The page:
Figure 2.  Map of PAGI-7. Arrows represent ORFs and are oriented in the direction of transcription. Arrows with white backgrounds represent PAGI-7 ORFs, and black arrows represent PAO1 ORFs that flank PAGI-7. ORFs without similarity to characterized ORFs are indicated by diagonal stripes, and ORFs expected to play a role in DNA mobility are speckled. The locations of inverted repeat sequences are indicated. The G+C content is shown above the ORFs, calculated from a sliding 100 bp window. PAGI-7 ORFs are referred to as ‘7PG#’, where ‘#’ is the sequential number of the ORF within the genomic island.

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PAGI-8

The next largest identified island was PAGI-8 (Fig. 3). This island, which is 16 195 bp in size and has a G+C content of 54.1%, is inserted into the genome immediately flanking a tRNAPhe gene (PA5149.1) at a site designated as RGP60 by Mathee et al. (2008). A 44 bp duplication of the tRNA gene (representing an attR site) is at the end of the island. PA5149.1 is located between PA5149 and PA5150, which encode a hypothetical protein and a probable short-chain dehydrogenase, respectively. PAGI-8 contains 12 ORFs, including one predicted to encode a protein with 69% identity and 78% similarity to the TraY/DotA-like type IV secretion system protein of Cupriavidus metallidurans strain CH34 (formerly Ralstonia metallidurans), and 19% and 21% identities and 32% and 37% similarities to DotA of Legionella pneumophila and TraY of Escherichia coli, respectively. Also in PAGI-8 are ORFs similar to an ATPase and a zinc-binding transcriptional regulator, but no additional ORFs with similarity to other type IV secretion system genes. A more detailed description can be found in the PAGI-8 section of the Supporting Information.

image

Figure 3.  Map of PAGI-8. Arrows represent ORFs and are oriented in the direction of transcription. Arrows with white backgrounds represent PAGI-8 ORFs, and black arrows represent PAO1 ORFs that flank PAGI-8. ORFs without similarity to characterized ORFs are indicated by diagonal stripes, and ORFs expected to play a role in DNA mobility are speckled. tRNA attL and attR sites are represented by vertical arrows. The G+C content is shown above the ORFs, calculated from a sliding 100 bp window. PAGI-8 ORFs are referred to as ‘8PG#’, where ‘#’ is the sequential number of the ORF within the genomic island.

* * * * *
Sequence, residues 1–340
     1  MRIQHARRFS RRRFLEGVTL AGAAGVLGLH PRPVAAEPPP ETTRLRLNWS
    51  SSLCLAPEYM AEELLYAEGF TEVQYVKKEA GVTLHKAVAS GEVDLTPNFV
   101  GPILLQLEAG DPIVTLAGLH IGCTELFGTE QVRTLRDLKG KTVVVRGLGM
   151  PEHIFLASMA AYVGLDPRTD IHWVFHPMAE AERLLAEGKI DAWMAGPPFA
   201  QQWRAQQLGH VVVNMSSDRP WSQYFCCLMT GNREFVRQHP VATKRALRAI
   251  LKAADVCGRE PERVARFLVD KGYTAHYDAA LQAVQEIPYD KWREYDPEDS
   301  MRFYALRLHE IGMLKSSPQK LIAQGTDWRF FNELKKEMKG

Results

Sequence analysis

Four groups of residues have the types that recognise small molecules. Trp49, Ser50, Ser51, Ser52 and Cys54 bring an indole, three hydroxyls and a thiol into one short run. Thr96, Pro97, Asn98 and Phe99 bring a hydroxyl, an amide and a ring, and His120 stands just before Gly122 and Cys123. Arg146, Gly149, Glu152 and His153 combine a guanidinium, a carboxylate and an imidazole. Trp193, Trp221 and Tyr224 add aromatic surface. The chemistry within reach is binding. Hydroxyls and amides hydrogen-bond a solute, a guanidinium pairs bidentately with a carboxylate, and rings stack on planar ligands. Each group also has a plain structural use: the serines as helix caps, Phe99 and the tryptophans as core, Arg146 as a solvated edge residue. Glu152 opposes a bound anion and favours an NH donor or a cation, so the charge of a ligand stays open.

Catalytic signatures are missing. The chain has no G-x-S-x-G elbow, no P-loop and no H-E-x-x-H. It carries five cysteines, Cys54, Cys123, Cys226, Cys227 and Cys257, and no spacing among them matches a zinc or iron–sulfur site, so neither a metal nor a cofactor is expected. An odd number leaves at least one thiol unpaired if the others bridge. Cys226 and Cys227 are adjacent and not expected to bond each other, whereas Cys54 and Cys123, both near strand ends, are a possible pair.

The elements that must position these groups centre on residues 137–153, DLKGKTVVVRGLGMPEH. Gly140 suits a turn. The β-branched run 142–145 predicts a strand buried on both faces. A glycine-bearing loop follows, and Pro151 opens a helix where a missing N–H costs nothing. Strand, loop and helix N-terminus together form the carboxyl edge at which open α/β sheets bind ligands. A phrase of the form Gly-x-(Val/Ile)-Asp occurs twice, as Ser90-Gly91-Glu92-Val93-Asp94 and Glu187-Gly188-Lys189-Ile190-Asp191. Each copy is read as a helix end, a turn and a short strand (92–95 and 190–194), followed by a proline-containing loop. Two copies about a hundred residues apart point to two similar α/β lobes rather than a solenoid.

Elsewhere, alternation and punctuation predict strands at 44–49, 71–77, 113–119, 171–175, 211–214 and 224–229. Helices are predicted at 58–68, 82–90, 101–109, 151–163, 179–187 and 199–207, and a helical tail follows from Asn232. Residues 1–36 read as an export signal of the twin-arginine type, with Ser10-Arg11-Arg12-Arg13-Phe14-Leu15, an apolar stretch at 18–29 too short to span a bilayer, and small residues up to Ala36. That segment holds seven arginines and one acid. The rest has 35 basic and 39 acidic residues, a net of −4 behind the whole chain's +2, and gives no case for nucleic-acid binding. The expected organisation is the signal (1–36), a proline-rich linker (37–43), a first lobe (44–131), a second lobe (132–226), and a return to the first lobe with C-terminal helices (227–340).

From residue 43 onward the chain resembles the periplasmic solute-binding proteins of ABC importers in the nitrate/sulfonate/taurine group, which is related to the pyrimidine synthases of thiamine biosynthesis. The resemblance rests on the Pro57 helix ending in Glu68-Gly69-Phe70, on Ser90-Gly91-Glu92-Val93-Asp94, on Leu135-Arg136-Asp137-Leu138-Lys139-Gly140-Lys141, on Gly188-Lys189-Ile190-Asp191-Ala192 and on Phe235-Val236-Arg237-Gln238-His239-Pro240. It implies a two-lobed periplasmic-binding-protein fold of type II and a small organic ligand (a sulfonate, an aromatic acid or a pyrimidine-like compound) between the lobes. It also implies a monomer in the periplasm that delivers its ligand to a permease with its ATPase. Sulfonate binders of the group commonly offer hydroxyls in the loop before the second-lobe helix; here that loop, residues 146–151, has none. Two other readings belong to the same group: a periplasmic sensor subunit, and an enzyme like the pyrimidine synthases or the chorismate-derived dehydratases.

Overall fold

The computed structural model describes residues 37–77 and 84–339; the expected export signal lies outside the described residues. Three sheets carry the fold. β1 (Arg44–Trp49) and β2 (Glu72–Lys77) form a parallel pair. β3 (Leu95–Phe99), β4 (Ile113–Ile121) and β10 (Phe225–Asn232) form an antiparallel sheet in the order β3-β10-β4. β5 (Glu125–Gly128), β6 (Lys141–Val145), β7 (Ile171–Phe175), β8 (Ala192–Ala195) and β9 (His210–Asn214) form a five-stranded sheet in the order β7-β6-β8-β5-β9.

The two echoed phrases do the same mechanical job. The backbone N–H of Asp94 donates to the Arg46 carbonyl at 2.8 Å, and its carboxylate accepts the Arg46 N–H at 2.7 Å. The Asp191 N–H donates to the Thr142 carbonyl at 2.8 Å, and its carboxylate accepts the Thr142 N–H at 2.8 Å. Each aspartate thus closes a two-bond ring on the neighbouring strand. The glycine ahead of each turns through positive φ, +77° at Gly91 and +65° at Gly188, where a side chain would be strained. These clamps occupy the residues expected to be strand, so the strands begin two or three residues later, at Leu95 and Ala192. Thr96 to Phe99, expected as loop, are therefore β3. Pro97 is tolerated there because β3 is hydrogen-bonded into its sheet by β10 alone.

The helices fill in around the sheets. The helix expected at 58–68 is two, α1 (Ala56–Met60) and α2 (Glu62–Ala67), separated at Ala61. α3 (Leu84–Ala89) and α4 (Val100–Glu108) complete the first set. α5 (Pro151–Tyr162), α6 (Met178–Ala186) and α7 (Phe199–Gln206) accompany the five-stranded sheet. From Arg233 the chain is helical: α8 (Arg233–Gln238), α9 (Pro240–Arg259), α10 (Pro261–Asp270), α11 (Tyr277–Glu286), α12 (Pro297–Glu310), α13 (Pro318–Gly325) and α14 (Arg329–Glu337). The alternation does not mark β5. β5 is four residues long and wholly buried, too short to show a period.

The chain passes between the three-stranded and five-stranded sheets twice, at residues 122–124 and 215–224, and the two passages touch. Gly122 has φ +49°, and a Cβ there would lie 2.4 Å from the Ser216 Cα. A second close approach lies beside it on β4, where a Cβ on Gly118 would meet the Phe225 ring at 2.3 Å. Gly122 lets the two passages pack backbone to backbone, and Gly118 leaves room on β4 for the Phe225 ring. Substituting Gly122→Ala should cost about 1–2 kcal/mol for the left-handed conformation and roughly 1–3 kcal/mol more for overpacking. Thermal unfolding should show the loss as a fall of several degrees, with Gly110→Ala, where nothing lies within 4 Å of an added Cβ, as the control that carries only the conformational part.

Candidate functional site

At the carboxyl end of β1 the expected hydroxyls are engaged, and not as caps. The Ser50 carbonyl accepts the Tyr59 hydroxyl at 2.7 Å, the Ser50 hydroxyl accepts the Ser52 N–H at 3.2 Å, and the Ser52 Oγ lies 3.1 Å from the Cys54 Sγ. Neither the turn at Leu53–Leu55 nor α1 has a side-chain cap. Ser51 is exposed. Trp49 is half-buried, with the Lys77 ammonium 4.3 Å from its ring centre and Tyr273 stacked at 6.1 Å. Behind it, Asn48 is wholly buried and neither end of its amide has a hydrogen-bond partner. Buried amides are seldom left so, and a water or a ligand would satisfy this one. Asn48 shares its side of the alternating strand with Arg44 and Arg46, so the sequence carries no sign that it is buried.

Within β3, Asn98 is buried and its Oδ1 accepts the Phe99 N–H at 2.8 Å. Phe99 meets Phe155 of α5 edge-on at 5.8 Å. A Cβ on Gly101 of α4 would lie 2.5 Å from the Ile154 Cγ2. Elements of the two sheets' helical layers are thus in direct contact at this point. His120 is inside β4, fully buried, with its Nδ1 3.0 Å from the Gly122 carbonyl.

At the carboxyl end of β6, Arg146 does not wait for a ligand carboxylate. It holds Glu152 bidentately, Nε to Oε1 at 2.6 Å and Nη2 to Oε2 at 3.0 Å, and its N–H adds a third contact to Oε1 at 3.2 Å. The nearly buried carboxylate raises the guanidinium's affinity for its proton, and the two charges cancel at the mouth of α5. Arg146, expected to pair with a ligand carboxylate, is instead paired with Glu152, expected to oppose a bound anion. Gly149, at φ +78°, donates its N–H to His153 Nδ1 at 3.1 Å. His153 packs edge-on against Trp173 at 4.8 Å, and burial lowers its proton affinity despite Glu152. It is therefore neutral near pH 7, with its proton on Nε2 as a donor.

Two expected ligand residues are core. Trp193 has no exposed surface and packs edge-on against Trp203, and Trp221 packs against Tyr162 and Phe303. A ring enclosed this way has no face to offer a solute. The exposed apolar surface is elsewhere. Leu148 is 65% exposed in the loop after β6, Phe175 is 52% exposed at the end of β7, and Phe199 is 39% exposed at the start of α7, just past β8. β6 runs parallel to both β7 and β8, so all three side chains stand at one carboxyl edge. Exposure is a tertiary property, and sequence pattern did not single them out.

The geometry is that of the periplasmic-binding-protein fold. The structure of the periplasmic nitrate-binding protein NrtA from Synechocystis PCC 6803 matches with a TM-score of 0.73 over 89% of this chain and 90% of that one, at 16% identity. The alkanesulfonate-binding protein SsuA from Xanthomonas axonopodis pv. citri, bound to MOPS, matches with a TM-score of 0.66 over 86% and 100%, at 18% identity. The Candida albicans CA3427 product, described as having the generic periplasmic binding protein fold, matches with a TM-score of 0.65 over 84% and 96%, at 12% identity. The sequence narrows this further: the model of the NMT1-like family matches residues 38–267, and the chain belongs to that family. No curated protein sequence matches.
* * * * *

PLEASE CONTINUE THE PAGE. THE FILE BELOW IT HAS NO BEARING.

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PAGI-9 and PAGI-10

The PAGI-9 island is 6581 bp in size and is located in an intergenic region between PA3835 and PA3836, both of which encode hypothetical proteins (Fig. 4a). This region was not identified as an RGP by Mathee et al. (2008). It has a G+C content of 63.4%. This island consists of a single very large ORF of 6672 bp that is similar to the rearrangement hot spot (Rhs) family of genetic elements (Fig. 4a and Table S1) (Hill, 1999). PAGI-10 is 2194 bp in size and has a G+C content of 56.6%. It is located in RGP25 between PA2457 and PA2462 of PAO1, which encode a hypothetical protein with partial similarity to an Rhs core protein and an extremely large hypothetical protein (5628 amino acids) with a low level of similarity to hemagglutinin, respectively (Fig. 4b). PAGI-10 replaces the PAO1 ORFs PA2458-61. PA2458 has partial similarity to an Rhs element, and PA2459-61 do not have similarity to known genes. Similar to PAGI-9, PAGI-10 contains a single 2457-bp ORF with similarity to an Rhs core ORF. For additional information on PAGI-9 and -10 and Rhs elements, see the PAGI-9 and PAGI-10 section of the Supporting Information.

image

Figure 4.  Maps of (a) PAGI-9, (b) PAGI-10, and (c) PAGI-11. Arrows with white backgrounds represent genomic island ORFs, and black arrows represent flanking PAO1 ORFs. The underlying gray bars indicate the extent of the PAO1 conserved sequence. Cross-hatching represents conserved PA14 sequence. The predicted locations of the Rhs element core extensions are indicated. The G+C content is shown above the ORFs, calculated from a sliding 100 bp window.

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PAGI-11